I’m talking about this today because I wanted to remind you – and myself – of where I was when I came to ketamine treatment. I was at the end of my rope. I think I’d tried just about every antidepressant and stimulant my doctors could think to prescribe me, and the fact that they didn’t solve my problems was only half the story. Waiting six weeks for an SSRI to take full effect is the equivalent of putting your life on hold for a month and a half. Seeing the brutal side effects of these drugs take their toll on your emotional state, your desires, or your physical fitness can be just as damaging as the condition you’re trying to lift. Worst of all, what’s supposed to be left for you if you’ve tried and exhausted all of those possibilities? I wasn’t getting better. I was watching myself get worse, and each time I tried something new, more and more time was slipping away. I wasn’t sure if I could ever get better.
Ketamine Therapy: Too Good to Be True?
In March of 2016, I had a choice to make. After scouring the internet for something – anything – that might be able to help me, I’d learned that a drug called ketamine was being used to treat major depressive disorder with incredible results. At the same time, I was already planning a round of Electroconvulsive Therapy, or ECT. For those of you who aren’t familiar with ECT, it’s exactly what it sounds like: electric shocks delivered to your brain. For those of you who knew that, I think it’s a sad commentary on our ideas of health care that we’d consider this to be a viable option for those who have suffered under the darkness of an invisible weight. Patients see a 50% success rate, and if antidepressants aren’t effective, a 75% chance of relapse. Potential side effects of ECT can include permanent loss of long-term memories! I didn’t like anything about any of that, but what other choice did I have?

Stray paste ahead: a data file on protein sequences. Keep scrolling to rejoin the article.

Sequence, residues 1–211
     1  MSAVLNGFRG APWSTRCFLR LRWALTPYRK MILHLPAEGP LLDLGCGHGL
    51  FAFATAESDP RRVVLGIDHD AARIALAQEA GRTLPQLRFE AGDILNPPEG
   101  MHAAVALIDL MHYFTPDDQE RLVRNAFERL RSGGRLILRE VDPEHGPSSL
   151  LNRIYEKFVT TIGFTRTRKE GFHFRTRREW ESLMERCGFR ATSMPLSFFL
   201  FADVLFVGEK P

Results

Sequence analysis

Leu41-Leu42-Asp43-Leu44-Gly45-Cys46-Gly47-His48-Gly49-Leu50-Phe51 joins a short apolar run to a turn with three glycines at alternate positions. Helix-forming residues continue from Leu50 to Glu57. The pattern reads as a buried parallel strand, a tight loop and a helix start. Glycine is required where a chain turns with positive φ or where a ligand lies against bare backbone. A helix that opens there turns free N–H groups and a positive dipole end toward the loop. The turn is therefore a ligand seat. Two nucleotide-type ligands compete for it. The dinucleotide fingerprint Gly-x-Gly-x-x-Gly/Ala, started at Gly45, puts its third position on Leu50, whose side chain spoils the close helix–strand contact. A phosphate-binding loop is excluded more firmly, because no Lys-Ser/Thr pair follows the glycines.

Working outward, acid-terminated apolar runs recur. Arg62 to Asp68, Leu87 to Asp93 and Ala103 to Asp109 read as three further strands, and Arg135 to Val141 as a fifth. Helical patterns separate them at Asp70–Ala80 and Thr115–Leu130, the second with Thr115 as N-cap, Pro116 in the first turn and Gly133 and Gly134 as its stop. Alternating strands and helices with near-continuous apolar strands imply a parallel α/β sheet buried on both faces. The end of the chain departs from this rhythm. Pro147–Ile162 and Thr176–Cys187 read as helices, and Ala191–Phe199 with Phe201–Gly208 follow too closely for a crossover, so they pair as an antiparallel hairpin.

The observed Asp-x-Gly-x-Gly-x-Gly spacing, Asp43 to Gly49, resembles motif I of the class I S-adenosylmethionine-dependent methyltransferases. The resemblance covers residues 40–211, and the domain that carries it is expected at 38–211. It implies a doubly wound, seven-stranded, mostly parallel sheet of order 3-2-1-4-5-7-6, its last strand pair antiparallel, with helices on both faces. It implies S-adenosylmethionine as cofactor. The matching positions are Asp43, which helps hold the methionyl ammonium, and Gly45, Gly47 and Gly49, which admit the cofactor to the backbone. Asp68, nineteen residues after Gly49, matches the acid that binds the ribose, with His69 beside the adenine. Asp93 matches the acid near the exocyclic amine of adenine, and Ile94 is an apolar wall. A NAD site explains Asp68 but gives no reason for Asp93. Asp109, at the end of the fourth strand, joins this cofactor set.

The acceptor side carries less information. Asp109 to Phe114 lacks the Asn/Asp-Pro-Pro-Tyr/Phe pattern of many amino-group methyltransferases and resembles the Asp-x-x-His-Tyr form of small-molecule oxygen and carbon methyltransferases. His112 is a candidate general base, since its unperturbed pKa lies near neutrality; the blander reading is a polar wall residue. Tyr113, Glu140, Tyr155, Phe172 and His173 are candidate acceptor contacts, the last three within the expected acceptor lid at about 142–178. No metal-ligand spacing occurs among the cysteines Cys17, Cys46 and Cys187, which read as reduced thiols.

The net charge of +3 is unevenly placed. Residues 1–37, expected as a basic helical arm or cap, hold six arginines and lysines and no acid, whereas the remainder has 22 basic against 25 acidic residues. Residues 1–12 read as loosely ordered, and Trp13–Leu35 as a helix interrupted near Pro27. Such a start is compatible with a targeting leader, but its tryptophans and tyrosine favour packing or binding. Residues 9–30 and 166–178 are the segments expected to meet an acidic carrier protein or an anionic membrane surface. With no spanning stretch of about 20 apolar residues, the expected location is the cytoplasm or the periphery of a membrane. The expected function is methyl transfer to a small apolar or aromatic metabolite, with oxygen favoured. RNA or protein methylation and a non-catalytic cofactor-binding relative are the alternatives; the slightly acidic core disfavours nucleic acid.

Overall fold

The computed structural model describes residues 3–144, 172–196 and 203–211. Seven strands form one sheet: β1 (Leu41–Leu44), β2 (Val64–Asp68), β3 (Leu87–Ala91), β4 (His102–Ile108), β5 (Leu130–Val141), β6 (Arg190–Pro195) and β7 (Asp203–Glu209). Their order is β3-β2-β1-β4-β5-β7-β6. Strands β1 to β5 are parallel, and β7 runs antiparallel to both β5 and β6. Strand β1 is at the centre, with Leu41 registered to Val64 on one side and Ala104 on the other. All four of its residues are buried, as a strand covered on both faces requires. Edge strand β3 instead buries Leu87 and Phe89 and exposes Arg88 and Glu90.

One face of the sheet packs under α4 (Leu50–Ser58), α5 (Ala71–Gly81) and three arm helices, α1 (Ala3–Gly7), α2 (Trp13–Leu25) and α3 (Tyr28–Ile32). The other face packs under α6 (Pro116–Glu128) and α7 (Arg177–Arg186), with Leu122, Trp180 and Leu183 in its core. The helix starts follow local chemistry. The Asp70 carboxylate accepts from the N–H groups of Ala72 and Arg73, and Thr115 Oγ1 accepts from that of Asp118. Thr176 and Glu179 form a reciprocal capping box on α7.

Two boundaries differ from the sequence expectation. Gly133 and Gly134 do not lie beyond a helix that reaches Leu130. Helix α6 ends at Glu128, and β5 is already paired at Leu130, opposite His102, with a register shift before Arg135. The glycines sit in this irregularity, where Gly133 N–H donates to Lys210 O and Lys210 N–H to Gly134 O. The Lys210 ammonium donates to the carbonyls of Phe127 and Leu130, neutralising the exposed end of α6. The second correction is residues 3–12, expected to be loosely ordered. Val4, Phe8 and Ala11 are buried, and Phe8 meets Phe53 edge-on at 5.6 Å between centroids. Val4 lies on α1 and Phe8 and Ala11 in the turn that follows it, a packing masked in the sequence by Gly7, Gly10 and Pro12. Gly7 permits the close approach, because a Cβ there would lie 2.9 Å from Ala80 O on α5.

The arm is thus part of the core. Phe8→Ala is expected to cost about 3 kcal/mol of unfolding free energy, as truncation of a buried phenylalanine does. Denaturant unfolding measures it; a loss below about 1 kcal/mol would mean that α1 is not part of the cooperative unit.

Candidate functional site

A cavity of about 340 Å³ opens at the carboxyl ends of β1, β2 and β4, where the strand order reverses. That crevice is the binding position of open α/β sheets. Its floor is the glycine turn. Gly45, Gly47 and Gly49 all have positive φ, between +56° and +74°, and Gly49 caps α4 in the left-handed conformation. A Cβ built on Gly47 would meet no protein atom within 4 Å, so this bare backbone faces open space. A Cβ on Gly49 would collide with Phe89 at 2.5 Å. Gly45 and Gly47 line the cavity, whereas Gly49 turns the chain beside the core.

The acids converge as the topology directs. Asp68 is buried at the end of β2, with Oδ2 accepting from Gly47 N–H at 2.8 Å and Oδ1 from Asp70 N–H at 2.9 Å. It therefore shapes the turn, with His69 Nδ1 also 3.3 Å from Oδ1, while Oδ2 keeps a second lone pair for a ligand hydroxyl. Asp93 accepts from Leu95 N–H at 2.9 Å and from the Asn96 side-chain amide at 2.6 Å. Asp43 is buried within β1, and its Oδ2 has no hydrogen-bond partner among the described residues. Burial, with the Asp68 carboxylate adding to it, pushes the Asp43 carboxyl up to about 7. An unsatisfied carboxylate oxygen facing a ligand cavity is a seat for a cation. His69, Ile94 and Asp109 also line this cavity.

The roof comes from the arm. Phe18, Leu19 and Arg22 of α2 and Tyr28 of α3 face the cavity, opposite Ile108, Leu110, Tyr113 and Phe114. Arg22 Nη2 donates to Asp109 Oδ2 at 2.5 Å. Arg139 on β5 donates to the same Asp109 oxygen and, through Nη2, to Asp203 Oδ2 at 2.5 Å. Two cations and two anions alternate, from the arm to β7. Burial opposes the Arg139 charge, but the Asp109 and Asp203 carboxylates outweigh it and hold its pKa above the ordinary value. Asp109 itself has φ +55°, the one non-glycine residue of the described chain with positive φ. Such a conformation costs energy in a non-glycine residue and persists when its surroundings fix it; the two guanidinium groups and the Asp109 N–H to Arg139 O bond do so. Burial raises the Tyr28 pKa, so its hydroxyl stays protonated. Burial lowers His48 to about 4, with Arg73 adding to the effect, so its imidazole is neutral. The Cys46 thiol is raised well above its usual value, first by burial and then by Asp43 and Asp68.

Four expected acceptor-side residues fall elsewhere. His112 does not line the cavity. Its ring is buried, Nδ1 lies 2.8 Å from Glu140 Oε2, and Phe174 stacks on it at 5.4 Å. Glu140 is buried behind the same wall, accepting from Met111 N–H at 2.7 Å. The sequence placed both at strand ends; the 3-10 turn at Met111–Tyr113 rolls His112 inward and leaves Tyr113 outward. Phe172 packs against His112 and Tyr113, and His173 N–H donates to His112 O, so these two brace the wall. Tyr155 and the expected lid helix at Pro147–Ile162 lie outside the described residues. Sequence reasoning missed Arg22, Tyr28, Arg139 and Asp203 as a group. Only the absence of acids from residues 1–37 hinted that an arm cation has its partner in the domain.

Ketamine seemed too good to be true. A seventy-percent response rate? Radical improvement within 24-48 hours? No known side-effects and long-term options? I couldn’t be reading that right. I decided I owed it to myself to get some answers in person, and canceled my electroshock therapy in favor of a ketamine consultation hundreds of miles away. I had nothing left to lose, and if you’re at the end of your rope, then maybe you have nothing to lose either. Maybe it’s your loved one who has been struggling, and you’re desperate to find some real way to help them. Maybe you’re somewhere in between, and you just want to know more before you open up that suit of armor to a new possibility. Stick around. Next time, I’ll talk about how ketamine treatment saved my life.
More About Allen
This is Part II in Allen’s ongoing series on his experience with finding a depression treatment that works. Allen, a veteran of the Air Force, is proud to share his story with others in an effort to build connections in the mental health community and advocate for finding effective treatments to help others get well. Allen is a patient with Actify Neurotherapies and has been empowered in his path to depression management.
If Allen’s story resonates with you and you’re curious about the treatment options Actify Neurotherapies offers, don’t hesitate to reach out to one of our Patient Services Specialists. We are available day or night to learn more about your story and to help you decide if ketamine therapy is right for you. You can reach us at 888-566-9774 or email us.